We met after I signed with my agent, Kate Schafer Testerman. Kate keeps a fantastic blog [http://ktliterary.com/daphne/] and had announced me as a new client. Kiersten followed Kate's link, and my "I have an agent!" post made her laugh. She commented and made ME laugh, and we probably commented back and forth on each other's blogs a dozen times in the first day or two of knowing each other. Dozens (now thousands) of emails rapidly followed, and it was just one of those instant, easy friendships. I'm often reminded of this really sweet White Stripes song in which Jack sings, "I can tell that we are going to be friends."
It was like that. We could tell.
Being critique partners followed naturally. I feel lucky that I met her while she was working on Paranormalcy, because it's such a hilarious, romantic, special story! The bulk of Anna was done — it was waiting for my editor's touch — so Kiersten's influence has been greatest on my second novel, Lola and the Boy Next Door. There is absolutely no way I would have finished it without her.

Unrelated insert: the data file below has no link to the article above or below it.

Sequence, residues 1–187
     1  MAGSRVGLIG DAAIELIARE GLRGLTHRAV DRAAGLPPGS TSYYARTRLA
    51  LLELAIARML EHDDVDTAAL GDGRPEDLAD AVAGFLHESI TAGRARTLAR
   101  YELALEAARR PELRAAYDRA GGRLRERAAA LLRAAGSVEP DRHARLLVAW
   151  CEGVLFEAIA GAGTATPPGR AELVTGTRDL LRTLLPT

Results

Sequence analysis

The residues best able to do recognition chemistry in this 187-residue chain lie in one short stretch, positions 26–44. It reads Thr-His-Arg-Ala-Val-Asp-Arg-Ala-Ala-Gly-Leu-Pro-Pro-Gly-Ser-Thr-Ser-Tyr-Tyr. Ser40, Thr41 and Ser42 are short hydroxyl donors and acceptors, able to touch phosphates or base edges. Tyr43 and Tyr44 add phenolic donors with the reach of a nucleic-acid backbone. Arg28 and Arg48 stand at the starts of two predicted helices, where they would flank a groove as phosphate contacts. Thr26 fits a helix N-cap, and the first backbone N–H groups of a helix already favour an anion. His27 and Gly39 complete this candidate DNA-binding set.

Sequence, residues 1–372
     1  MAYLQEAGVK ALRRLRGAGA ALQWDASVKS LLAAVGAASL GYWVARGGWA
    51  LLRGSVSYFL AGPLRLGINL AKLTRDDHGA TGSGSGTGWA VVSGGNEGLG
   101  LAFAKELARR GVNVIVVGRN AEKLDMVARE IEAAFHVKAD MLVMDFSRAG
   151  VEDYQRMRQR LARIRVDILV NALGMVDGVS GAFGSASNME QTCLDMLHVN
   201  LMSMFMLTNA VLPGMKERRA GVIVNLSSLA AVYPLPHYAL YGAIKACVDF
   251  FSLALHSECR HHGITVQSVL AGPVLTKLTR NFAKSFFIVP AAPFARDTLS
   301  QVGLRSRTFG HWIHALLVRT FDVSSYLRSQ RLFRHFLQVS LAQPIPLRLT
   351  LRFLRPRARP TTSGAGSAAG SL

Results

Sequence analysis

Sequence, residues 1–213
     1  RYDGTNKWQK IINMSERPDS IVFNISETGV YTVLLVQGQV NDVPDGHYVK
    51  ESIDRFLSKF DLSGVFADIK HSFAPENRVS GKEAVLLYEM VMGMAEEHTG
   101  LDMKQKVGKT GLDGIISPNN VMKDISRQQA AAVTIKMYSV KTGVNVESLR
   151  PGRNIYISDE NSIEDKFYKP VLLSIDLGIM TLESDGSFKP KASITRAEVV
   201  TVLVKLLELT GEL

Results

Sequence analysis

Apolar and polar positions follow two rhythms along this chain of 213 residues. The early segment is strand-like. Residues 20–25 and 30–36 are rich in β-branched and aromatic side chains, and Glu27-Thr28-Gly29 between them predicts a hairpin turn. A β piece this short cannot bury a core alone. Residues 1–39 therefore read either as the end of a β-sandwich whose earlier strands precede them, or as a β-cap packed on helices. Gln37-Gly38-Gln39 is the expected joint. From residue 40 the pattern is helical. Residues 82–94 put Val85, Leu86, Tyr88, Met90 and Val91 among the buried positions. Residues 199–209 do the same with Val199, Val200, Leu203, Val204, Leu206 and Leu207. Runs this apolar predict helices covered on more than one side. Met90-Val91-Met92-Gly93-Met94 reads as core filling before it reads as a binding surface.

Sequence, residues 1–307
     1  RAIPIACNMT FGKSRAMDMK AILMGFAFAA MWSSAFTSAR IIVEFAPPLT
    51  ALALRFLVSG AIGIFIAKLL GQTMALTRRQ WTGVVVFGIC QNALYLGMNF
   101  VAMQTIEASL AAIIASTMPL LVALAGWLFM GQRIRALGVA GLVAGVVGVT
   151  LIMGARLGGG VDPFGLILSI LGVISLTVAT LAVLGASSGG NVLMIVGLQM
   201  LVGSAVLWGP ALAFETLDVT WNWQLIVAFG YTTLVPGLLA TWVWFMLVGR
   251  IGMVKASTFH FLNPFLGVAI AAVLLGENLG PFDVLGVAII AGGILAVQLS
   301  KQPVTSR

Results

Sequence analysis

We work well together, because our writing styles are complementary. Kiersten is the fastest, smartest thinker I know. She writes novels quickly, and she's a great plotter. I'm nitpicky and detail-oriented. It takes me a long time to write a good draft. So Kiersten is great at moving my stories forward, and I'm good at building her stories up.
My husband has joked that one day I'll get a tattoo of her name. He's not that far off.
Thanks for such awesome questions!! It's ALWAYS a pleasure talking to you, Myrna.